The Vision Thing
It seems churlish for someone like me to complain about this year’s Budget.
After all, I and I suspect most readers of this newspaper directly benefit in ways large and small. Property owner? Tick, that’s two quarters of rates that won’t be charged. Pay Salaries Tax? Another tick and that’s $20,000 more coming into Michael’s hot sweaty palms. Operate a small company and pay Profits Tax? Yet another tick and still more money coming back. Plus of course a whole bunch of freebies for the less well off in terms of extra social security benefit, rent for public rental units squashed for a month. What’s not to love?
My quarrel is not with what is in the Budget but what is not there. What the elder George Bush called the vision thing. What the community has been really crying out for is a dramatic effort to break the psychology accepted by both property developers and potential buyers that prices are on an inexorable upward trend that will never end.
Why are some developers holding flats off the market, as some undoubtedly are (there is a block near where I live which was finished two years ago but the lights are only just beginning to go on in the evening)? Simple: with interest rates so low the capital cost of carrying the flats is much less than the increase in price that can now be charged.
Why are buyers rushing to buy ludicrously small apartments at ridiculously high prices? Because right before their eyes they can see that prices are still on the increase. The situation won’t last of course, it never does, but nibbling at the edges with a site here and a plot there will take too long for the braking effect to take hold.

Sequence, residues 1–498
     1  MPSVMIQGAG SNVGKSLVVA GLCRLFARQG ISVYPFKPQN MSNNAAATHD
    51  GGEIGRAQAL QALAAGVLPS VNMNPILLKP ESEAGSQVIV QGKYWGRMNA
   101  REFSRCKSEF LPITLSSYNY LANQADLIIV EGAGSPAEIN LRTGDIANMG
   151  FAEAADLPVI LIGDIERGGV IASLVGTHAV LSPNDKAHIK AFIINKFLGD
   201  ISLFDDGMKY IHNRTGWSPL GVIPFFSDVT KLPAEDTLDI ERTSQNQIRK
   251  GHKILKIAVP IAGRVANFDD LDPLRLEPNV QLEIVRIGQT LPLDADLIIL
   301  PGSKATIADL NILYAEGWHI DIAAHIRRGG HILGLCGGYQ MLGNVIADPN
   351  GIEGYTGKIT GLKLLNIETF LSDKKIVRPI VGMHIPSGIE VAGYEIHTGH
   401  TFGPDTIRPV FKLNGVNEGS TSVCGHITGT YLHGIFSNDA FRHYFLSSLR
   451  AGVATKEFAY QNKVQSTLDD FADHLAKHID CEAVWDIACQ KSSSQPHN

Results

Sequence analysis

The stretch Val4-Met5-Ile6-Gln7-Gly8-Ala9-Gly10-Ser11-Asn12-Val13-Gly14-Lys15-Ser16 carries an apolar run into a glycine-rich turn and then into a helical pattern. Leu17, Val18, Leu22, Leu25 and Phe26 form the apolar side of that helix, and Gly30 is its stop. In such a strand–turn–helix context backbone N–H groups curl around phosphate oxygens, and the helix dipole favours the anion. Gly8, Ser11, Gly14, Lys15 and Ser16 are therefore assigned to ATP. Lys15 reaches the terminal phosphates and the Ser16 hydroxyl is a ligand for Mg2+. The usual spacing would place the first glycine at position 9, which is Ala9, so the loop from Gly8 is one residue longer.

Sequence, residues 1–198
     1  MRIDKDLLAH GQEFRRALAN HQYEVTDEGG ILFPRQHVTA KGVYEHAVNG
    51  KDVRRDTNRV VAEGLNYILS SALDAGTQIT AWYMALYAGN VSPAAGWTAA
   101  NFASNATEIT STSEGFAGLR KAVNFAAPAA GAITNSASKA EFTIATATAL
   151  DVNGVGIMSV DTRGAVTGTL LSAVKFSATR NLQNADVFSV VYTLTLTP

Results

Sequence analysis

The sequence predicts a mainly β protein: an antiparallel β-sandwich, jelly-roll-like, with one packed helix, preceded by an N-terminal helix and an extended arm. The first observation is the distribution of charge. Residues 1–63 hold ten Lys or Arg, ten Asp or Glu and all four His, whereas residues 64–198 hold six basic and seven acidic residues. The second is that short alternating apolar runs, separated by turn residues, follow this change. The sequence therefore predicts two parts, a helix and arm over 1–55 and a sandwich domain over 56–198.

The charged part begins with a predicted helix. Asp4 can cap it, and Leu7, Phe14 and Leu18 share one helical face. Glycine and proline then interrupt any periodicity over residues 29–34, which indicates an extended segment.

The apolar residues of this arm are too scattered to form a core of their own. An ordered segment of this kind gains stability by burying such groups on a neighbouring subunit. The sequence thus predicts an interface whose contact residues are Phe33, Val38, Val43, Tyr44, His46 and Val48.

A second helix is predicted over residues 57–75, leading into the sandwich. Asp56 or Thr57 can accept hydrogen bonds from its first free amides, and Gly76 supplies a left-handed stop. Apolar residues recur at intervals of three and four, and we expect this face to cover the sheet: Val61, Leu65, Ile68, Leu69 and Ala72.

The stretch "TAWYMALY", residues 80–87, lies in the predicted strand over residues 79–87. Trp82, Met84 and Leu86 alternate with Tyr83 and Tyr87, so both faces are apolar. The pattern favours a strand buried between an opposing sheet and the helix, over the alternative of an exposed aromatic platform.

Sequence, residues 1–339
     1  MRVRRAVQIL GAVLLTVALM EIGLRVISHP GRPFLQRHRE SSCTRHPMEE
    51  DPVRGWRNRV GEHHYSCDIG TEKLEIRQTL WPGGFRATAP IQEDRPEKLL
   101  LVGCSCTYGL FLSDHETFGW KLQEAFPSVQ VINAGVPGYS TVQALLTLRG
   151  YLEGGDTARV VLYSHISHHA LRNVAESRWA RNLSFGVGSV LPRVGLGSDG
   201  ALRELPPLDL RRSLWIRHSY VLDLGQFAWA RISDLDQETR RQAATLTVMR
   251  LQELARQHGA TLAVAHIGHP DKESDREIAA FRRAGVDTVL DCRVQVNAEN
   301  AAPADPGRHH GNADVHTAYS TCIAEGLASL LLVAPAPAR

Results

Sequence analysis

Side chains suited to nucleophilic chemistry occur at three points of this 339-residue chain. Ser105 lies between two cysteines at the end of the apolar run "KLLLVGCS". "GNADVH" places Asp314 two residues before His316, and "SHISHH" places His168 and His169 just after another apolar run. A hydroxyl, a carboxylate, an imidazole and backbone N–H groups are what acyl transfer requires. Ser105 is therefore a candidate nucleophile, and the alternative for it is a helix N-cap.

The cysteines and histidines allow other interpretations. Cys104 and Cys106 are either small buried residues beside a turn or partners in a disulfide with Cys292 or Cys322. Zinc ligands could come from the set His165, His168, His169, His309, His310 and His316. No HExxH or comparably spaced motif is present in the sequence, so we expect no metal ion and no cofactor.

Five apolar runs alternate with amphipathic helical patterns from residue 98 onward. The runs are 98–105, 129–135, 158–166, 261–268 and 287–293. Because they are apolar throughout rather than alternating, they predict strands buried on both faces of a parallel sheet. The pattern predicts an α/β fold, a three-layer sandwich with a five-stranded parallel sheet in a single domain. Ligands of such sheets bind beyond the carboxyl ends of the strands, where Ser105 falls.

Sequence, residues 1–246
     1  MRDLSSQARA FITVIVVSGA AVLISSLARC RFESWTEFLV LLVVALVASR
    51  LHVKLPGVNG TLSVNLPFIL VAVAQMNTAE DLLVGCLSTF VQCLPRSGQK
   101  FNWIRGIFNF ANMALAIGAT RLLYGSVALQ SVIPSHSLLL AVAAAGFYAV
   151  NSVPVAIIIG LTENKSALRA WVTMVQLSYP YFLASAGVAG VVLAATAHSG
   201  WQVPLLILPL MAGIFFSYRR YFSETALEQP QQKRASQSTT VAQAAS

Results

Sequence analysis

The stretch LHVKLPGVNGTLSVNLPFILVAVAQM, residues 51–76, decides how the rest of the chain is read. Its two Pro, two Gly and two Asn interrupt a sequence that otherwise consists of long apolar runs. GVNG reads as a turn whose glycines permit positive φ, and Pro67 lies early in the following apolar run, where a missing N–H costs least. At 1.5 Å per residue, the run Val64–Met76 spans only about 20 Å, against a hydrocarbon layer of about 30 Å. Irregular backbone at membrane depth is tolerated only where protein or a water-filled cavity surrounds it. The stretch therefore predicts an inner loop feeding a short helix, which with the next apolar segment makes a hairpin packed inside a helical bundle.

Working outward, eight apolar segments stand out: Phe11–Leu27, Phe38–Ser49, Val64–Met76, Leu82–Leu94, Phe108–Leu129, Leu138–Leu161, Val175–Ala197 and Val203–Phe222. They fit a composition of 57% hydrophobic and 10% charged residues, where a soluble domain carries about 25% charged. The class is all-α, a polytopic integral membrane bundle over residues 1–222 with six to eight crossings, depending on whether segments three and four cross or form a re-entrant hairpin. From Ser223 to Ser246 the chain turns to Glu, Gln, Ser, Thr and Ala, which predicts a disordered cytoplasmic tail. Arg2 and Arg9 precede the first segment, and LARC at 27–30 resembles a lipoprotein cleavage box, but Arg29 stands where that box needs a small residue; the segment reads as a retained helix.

We can look to two American policy makers to teach us what to do, albeit they were acting in completely different contexts. Ben Bernanke saw that the first Japanese attempt to reflate its economy in the early 1990s failed because the amount of money involved was too small. He went to the other extreme and created US$3 trillion dollars of new money and the US economy is now growing robustly again.
The younger President Bush made many disastrous mistakes, especially in foreign policy, but at least he got one thing right: when invading Iraq he authorized a campaign that would create a sense of “Shock and Awe”. America’s friends would know they were really committed, and their enemies would know exactly what was in store.
Hong Kong needed – needs – something similar in our housing policies. Now it’s probably not a good idea to carpet bomb the head offices of Cheung Kong, Sun Hung Kai and Henderson – too many innocent people might get hurt as well.
But how about declaring in the Budget Speech that you were setting aside $100 billion from the fiscal reserves to pay a substantial share of the cost of a major new public rental housing estate, and another $100 billion from taxpayers’ money held by the Monetary Authority to do the same for the Home Ownership Scheme. If $200 billion were not enough to change the psychology, double it. Minimum size of both programmes 500 square feet.
Developers and desperate buyers (and would be renters) could see the jig was up and finally the market could start to do its work. Would prices fall some 15 – 20%? That was the fear that kept Donald Tsang and Michael Suen firmly rooted in the nervous chair. Probably a bit more at first but so what, our market always overcorrects in both directions. All we would really be doing is blowing off the froth of the last few years.
We need to send a message that Hong Kong is not just for tycoons and the very well off, it is for all the people of our city, and that starts with a decent place to live at a reasonable price.
So my quarrel with the Budget is not with what was in it, but what was not in it. Keep what there is, but add a couple of new blockbuster items as well.
We cannot really blame the Financial Secretary for this lacuna. We don’t pay him to have a vision, and we should start to worry if he showed signs of developing one. We pay him to manage public finances prudently, which he has done in spades. We must look higher up the food chain for that.
Shock and Awe, Guys, the Vision Thing.